Font size: Decrease font Enlarge font

Pondering on the ‘new’ daily lived realities in this country, one cannot help but wonder what the future holds, both in the short-medium term and the long run. I note, sadly, that the nation is becoming radicalised and militarised, prospects that are not good for the economy.

The short, medium term

We are now accustomed to checking breaking news first thing in the morning to find out what has been burnt, who has been shot or whether it is safe to even get out of your house go to work or continue with daily life as we know it. We have normalised chaos; chaos theory states that the current world as we know it was once chaotic. A chaotic system is a deterministic system that was once difficult to predict. We learn from chaos theory that uncertainty and predictability will always be a constant in life. The economy has also embraced this uncertainty and the sub-optimal economic output is guaranteed. This year alone, we have had three unofficial holidays, and we complied with that as a population because we have embraced fear. In the process, we have lost 72 hours of production, which looks minute in the big scheme of things.

However, not just lost 72 hours, but six million men hours assuming we have a working population of 250 000 and a typical eight-hour working day. The figure could as easily top 18 million men hours if we assume a 24-hour productive day, what with automation and all that. According to The World Bank, Eswatini has a Gross Domestic Product (GDP) of US$3.962 billion, assuming a typical 365-day year, and naively assuming that equal amounts of output are produced each day, we have effectively lost US$10.8 million worth of output over the three days.

This excludes losses due to temporary disruptions to productive schedules due to impromptu violence resulting in certain town closures or streets during protest actions. In the short to medium term, if we do not resolve our differences, we shall contend with rising unemployment, a dwindling economic base due to capital flight and negative growth in real GDP. We will survive this and we should start seeing marked increases in levels of informal sector participating, which will breed more strife in the long run.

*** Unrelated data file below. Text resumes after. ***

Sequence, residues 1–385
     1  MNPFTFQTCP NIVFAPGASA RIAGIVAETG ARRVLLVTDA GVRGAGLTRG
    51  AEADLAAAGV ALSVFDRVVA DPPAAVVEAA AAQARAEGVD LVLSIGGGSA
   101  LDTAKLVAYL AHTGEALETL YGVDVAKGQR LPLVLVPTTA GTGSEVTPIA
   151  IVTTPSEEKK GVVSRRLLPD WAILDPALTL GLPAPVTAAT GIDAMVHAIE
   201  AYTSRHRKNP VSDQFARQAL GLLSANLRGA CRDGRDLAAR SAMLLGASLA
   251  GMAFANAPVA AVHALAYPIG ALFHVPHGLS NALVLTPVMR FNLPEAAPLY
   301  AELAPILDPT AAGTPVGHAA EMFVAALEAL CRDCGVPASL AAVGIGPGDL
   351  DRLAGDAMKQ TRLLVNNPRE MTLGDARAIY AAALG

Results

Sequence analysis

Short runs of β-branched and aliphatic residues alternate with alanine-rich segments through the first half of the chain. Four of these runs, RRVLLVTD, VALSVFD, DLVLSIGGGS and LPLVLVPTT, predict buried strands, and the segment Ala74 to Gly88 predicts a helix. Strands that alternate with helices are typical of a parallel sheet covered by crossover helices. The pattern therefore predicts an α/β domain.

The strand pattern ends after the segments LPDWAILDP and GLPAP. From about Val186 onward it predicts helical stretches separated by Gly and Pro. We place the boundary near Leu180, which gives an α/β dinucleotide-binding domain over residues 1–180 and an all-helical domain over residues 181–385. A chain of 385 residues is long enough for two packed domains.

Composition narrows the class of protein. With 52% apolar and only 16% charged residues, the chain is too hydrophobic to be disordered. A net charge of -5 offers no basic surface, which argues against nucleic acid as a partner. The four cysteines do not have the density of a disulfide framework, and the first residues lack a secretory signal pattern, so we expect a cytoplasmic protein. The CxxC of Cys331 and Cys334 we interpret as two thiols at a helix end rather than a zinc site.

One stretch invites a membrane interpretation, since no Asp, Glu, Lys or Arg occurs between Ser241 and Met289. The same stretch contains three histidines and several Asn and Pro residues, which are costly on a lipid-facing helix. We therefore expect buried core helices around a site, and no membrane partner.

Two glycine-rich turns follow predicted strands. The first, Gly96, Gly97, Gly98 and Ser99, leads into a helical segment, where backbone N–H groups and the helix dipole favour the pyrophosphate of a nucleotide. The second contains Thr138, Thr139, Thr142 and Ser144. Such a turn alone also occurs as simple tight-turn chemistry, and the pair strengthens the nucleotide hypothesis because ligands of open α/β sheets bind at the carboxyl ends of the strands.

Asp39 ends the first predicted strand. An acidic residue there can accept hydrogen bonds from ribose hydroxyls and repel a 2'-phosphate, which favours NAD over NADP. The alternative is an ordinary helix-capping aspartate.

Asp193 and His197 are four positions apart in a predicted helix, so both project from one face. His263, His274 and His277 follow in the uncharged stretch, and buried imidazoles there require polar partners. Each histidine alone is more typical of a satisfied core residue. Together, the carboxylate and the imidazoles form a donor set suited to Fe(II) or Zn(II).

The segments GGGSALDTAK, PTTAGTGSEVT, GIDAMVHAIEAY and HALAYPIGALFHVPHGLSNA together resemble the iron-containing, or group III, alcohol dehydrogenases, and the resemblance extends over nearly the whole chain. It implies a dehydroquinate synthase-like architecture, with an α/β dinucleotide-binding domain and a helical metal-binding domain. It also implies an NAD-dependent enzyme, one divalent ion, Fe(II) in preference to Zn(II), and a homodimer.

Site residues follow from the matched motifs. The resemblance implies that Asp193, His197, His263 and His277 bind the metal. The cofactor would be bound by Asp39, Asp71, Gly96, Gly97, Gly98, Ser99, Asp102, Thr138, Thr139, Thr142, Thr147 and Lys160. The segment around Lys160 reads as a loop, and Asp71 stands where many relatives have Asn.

The long run

Trying to predict the long-run, given the current state of chaos, is a challenge; academically speaking, the system is too dynamic and too volatile, but I will try and give a normative analysis of what I think will unfold and how it will turn out. We are currently seeing two divergent views within the pro-democracy movement, changing the system from within, that is participate in the 2023 elections and the other calling for a boycott of the elections. In my view and prognosis, before the emergence of the tackle change from within movement, 2023 was going to be the pinnacle of our political history as a country. I had contended that we were heading for a complete shutdown of the country and a lot of strife, however, with the emergence of cracks within the pro-democracy movement, I no longer see that unfolding. We will go to the polls and we will vote in a new government, and it will be life as usual. We will have those intermittent disruptions to daily life but we will survive because we are human and we are born with an inert will to survive.

The short-medium term situation highlighted above shall persist and remain sustained until more people cannot afford the basics of life; the rich will get richer and the poor will get poorer. The country will begin to attract unethical businesses as ethical capital fears chaos and flies from chaos. We shall continue seeing the culture of a government that loans itself to peril, just to stay relevant. We are all accustomed to the cash flow problem within government, in essence without the loans government would at some point not be able to function. Government will struggle to mount turnaround strategies because it will be too busy focusing on the political problem with no focus on turning the economy around, resulting in government failure and a Sri Lanka style change of power, in the next 15 – 20 years if nothing changes. All this will be happening alongside the rise of the military State we are currently seeing and the rise of extremism in the country, we shall continue seeing the attacks on property and they will get refined, perfected and more lethal. This extremism we will not be able to arrest no matter the political outcome, it shall forever remain with us. The economy will suffer immensely and growth will elude us.

A negotiated prosperous future

A dialogue now and effecting the right changes within the political realm can help us avert the above stated short-run, medium-term and long-run scenarios. The public finance machinery is under a lot of strain and we cannot afford these protracted uncertainty. We will crush and burn if we do not talk to each other and solve our problems.

Comments (0 posted):

Post your comment comment

Please enter the code you see in the image: